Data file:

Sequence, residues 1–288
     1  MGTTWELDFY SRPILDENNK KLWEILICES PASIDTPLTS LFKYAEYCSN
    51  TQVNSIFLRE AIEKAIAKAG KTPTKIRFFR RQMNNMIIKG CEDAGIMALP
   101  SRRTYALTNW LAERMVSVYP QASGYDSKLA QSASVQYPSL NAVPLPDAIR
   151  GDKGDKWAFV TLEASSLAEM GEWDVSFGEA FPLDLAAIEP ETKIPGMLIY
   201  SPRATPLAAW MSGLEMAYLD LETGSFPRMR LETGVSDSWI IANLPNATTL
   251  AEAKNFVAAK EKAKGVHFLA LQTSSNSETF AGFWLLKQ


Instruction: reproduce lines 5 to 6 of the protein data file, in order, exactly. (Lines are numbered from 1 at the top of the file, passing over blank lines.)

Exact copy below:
   151  GDKGDKWAFV TLEASSLAEM GEWDVSFGEA FPLDLAAIEP ETKIPGMLIY
   201  SPRATPLAAW MSGLEMAYLD LETGSFPRMR LETGVSDSWI IANLPNATTL